The threat of an Electro-Magnetic Pulse (EMP) attack against the
United States is credible. Such a strike could have a devastating
impact on the nation by disabling electrical systems, grinding the
economy to a halt, and possibly resulting in the deaths of
millions. Yet other than establishing a commission to study the
problem and holding a handful of hearings, Congress has done
virtually nothing to address the issue. Such inaction could change
virtually overnight, however, if Congress held even one EMP
The Darkest Hour
An EMP attack is produced by detonating a nuclear weapon
launched by a ballistic missile. Such a detonation-occurring high
above the earth-produces a massive pulse of ionized particles that
could damage many electrical and information systems. An attack
would disrupt telecommunications, banking and finance, fuel and
energy, food and water supplies, emergency and government services,
and more, threatening millions of lives.
If, just for one day, Congress simulated even a fraction of the
impact such an attack would have, the scope of the danger would be
clear. Here is a short list of what could happen on EMP Recognition
Day on the Hill. Congress could:
- Close all cafeterias. After an attack transportation networks
would grind to a halt and no food would be delivered.
- Walk to work. Traffic lights would no longer function, so all
roads would be gridlocked. The computer systems operating mass
transit would be inoperative.
- Turn off members' Blackberries. Satellites in low-earth and
many of the communication support systems will be disabled. Devices
such as Blackberries and GPS would not work.
- Shut off the lights. Critical computers that direct the
national electrical grid would be inoperative.
Congress should take just these four steps for one day-and then
all the members would understand the magnitude of the dangers posed
by an EMP attack.
A Day to Remember
In a speech on March 23, 1983, Ronald Reagan detailed his plans
for the Strategic Defense Initiative (SDI). SDI was aimed at
ensuring America's safety against a nuclear missile attack by
implementing land and space-based defense systems. Reagan's vision
was never completely realized, but the missile threats against the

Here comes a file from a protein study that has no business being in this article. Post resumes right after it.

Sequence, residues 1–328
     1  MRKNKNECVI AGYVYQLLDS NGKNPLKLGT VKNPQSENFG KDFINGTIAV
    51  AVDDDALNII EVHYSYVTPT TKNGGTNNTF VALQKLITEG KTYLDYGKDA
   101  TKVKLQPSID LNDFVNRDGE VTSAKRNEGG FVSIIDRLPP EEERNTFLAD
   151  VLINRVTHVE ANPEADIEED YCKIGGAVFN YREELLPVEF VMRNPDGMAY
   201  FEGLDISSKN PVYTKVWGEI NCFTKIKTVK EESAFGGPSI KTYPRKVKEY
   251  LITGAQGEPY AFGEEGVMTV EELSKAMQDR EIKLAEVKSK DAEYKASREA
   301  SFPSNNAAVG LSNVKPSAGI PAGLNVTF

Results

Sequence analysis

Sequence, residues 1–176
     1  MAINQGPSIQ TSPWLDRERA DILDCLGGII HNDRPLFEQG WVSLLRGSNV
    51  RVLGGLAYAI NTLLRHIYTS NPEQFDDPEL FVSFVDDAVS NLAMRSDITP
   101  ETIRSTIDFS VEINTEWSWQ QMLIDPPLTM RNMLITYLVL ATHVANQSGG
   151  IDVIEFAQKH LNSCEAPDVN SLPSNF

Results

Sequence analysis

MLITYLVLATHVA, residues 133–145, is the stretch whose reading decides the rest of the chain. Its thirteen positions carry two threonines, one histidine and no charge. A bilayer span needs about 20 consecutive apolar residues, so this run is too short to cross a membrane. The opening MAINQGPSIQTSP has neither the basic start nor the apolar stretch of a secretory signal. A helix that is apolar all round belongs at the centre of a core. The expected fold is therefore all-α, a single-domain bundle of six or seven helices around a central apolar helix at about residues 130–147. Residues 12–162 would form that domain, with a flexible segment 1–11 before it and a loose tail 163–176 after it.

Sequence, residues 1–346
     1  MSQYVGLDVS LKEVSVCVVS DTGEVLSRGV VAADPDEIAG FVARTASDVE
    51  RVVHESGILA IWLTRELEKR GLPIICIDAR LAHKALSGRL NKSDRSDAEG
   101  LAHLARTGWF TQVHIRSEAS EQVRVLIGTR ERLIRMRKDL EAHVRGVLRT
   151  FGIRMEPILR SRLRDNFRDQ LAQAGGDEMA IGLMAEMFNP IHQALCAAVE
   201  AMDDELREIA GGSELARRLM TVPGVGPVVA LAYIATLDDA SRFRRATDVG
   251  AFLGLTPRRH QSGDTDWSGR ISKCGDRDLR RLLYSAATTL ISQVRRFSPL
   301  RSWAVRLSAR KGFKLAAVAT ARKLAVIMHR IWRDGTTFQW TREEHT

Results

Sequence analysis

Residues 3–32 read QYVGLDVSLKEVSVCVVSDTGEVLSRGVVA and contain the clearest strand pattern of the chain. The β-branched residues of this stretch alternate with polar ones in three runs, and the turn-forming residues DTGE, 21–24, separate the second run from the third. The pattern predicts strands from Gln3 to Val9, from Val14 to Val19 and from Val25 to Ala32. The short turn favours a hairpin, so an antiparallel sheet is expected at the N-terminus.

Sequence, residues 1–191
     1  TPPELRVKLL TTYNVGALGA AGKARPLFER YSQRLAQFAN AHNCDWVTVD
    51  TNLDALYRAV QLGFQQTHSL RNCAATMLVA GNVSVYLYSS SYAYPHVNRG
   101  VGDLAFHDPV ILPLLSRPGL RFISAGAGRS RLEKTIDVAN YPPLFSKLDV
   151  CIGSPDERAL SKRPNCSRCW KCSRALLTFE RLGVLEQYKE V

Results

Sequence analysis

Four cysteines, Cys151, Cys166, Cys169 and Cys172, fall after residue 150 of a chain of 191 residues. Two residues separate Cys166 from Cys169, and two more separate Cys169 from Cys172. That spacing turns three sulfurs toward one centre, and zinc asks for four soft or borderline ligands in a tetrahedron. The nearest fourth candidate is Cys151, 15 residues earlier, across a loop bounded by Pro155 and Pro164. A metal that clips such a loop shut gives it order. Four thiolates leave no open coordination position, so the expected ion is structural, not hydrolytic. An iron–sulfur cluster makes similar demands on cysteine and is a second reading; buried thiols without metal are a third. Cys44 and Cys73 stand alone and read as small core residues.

United States have never dissipated, and the need for such a system
grows more pressing. A little over 20 years later, a
congressionally chartered commission led by Dr. William Graham
released a report that detailed an unappreciated dimension of the
missile problem: an EMP attack. Thus, March 23 would be an
excellent candidate for Congress's EMP Recognition Day.
A Call to Action
EMP Recognition Day would be about more than putting Congress in
the dark. It could promote several tasks the Congress could take
- Fund comprehensive missile defense. Building a comprehensive
missile defense system will allow our nation to intercept and
destroy a missile bound for the United States regardless of the
launch point or whether the attack is aimed at destroying a city or
engaging in an EMP attack on the nation.
- Demand the Administration develop a National Recovery
Plan. In order to minimize lives lost and property
destroyed, the United States needs a plan that will address its
ability to recover quickly after an attack. The EMP Commission
emphasized that our nation must first improve the infrastructure on
which all other sectors are dependent, specifically citing electric
power and telecommunications. This risk-based approach recognizes
that certain infrastructure is key to post-EMP attack recovery. EMP
should also be added to the list of 15 disaster scenarios.
- Require more research on the EMP threat. More research is
needed in order to ensure that the United States fully understands
the scope of the danger and cost-effective countermeasures.
Need for Congressional Action
Before Congress ends its session this year, its members should
agree to make March 23 EMP Recognition Day. Even if Congress does
not stop feeding its staff, turn off the lights, or hitchhike to
work, simply recognizing the EMP threat would go a long way toward
better preparing America for this grave threat.
McNeill is Policy Analyst for Homeland Security in the Douglas
and Sarah Allison Center for Foreign Policy Studies, a division of
the Kathryn and Shelby Cullom Davis Institute for International
Studies, and James Jay
Carafano, Ph.D., is Assistant Director of the Davis Institute
and Senior Research Fellow for National Security and Homeland
Security in the Allison Center at The Heritage Foundation.